When I say objectively, I mean 'subjectively'.  When I say literally, I mean 'figuratively'.  
And when I say that you are a horse's ass, I mean that the objective truth is that you are a literal horse's ass.

There is nothing so useless as doing efficiently that which should not be done at all. - Peter Drucker

Mishihari

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Re: Saving Throws in fantasy rpg
« Reply #26 on: September 24, 2021, 03:34:01 PM »
There's a psychology to saving throws.

If you roll an attack roll and kill me, it feels like it is completely unfair and I couldn't do anything about it.

If I roll a defense die and I fail, it feels like it's my fault because I could have rolled well and avoided it. 


Very true.  This is why I prefer systems where both the attacked and defender roll, despite the extra bit of work.  That feeling of empowerment makes the game a lot more fun even though I know the math is the same.  (okay, it's not exactly the same - assuming one die for an attack roll, it turns the results into a triangular distribution rather than linear, but whatever - close enough)

Vic99

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Re: Saving Throws in fantasy rpg
« Reply #27 on: September 24, 2021, 10:13:46 PM »
Steven Mitchell - good info.  I hadn't thought of saves quite that way.  Thanks.

deadDM - Fate points are an interesting idea.  I'll mull this over.  Have to pick the right number and if/how they would ever increase.  Too many will make the game too heroic, but I like this concept and am currently seeing how it fits in with the design I have.  Saw that Warhammer fantasy rpg has them.  Thanks.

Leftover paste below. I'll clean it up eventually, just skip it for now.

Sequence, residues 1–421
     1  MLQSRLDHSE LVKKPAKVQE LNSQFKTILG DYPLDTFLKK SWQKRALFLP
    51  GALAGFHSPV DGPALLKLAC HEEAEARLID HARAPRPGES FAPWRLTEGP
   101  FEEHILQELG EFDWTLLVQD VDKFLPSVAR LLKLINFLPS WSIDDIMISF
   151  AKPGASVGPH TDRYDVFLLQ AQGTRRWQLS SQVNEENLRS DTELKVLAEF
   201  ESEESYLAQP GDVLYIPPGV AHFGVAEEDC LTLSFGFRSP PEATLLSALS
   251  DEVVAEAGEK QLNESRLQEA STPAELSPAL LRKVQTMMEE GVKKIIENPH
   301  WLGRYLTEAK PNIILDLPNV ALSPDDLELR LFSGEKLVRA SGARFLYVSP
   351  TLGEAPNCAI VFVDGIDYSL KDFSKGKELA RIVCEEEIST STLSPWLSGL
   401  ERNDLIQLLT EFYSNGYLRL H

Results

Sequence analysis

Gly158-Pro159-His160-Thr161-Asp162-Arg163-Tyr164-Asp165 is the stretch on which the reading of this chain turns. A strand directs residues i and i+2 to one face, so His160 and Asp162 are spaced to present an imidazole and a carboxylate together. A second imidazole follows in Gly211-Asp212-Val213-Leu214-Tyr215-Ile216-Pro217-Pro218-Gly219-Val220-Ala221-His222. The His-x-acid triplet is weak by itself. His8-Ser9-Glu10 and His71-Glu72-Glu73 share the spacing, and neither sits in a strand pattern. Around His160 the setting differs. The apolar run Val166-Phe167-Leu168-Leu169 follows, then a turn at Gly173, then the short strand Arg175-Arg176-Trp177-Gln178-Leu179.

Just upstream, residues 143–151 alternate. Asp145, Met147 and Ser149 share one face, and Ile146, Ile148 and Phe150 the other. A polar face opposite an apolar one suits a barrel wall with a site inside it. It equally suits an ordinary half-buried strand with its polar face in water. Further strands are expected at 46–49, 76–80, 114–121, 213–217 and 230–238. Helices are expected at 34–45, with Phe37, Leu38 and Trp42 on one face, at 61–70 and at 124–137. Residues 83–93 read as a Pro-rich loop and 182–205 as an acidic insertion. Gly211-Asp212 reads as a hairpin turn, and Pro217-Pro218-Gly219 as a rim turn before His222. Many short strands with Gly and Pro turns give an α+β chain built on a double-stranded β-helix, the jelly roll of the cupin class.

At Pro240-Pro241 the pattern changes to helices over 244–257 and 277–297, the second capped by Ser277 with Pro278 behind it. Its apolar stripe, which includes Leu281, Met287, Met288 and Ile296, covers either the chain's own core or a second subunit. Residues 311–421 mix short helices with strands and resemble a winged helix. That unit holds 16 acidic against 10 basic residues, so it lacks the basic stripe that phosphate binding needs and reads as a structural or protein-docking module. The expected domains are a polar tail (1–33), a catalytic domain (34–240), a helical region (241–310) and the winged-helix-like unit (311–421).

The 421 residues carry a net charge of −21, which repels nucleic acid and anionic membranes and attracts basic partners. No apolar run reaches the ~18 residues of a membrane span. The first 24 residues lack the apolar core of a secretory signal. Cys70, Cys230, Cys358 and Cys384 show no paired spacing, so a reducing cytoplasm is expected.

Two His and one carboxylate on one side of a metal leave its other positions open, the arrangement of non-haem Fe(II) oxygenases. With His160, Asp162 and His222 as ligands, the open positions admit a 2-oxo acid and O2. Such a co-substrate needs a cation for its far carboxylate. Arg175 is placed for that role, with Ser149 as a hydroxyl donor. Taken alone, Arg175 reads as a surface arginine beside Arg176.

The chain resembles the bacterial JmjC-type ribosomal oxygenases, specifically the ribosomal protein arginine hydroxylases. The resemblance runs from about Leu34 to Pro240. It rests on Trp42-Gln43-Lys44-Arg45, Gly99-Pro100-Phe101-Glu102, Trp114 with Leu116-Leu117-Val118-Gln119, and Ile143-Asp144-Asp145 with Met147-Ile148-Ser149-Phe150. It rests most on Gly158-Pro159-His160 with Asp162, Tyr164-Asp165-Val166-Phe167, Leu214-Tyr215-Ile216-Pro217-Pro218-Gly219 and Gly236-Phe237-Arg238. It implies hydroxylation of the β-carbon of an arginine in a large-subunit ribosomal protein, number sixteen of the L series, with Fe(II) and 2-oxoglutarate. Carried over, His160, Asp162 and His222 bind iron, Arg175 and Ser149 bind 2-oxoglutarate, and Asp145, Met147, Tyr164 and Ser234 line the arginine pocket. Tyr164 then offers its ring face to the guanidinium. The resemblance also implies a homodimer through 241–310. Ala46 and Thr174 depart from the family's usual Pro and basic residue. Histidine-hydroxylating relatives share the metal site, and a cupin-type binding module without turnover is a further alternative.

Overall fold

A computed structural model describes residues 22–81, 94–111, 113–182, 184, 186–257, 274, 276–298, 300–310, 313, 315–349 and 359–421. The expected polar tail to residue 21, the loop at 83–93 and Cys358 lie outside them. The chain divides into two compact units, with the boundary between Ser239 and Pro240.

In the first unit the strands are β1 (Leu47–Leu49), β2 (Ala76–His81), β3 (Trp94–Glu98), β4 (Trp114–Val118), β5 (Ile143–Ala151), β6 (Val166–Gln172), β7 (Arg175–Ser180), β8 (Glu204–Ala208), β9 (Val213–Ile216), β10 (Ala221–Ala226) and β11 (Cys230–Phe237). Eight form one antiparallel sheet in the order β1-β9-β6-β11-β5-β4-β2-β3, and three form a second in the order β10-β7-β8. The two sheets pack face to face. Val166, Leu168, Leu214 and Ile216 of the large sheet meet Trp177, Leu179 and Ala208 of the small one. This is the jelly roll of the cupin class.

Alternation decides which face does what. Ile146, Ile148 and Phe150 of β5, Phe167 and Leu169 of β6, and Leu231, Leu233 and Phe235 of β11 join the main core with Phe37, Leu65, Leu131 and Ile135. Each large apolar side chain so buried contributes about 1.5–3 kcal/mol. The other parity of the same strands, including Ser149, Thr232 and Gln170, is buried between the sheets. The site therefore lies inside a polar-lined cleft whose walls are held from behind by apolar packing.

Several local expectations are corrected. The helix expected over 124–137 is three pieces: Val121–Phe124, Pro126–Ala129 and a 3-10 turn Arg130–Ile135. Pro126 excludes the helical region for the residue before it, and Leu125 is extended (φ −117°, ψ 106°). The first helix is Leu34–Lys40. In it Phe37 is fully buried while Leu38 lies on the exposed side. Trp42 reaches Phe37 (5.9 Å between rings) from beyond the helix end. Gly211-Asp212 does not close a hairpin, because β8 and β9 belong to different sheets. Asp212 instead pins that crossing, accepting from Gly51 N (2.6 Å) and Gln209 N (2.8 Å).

Bren

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Re: Saving Throws in fantasy rpg
« Reply #28 on: September 25, 2021, 04:19:20 PM »
Vic, I found the article on saves that I referred to above.  You might find it useful, more the thoughts behind it than any direct mechanics.  It's from an OD&D perspective, but comes at the whole question from a different angle.

Saves as Severity
Thanks for the link. That's an interesting analysis. I wish he'd extended the analysis to the other classes (MUs and clerics) to see how they compare as the same inferred rule doesn't hold for those classes. There it seems the case that the designer was considering which classes would be more or less resistant to the various effects. For example, clerics (who, IIR, get the Death Ray spell if they are evil and, I think, have a Neutralize Poison spell) have the best save vs. Death Ray and Poison.
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Thondor

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Re: Saving Throws in fantasy rpg
« Reply #29 on: September 26, 2021, 03:53:17 PM »
Some advice from D.H. Boggs Champions of ZED*: 

You can use saving throws instead of ability checks if you think it is something a more experienced character should be better at.
So let a character roll a save vs dragon's breath to avoid falling into pit trap -- they should get better at this at higher levels.
However, arm-wrestling isn't really about experience, it is more of a pure strength test so roll an ability check for that.

*Champions of Zero-Edition-Dungeoneering is a intriguing book that posits what if Dave Arneson and Gary Gygax worked together a little closer, and their visions were harmonized a little more by a diligent editor. It was painstakingly researched and has some interesting quotes. I highly recommend it.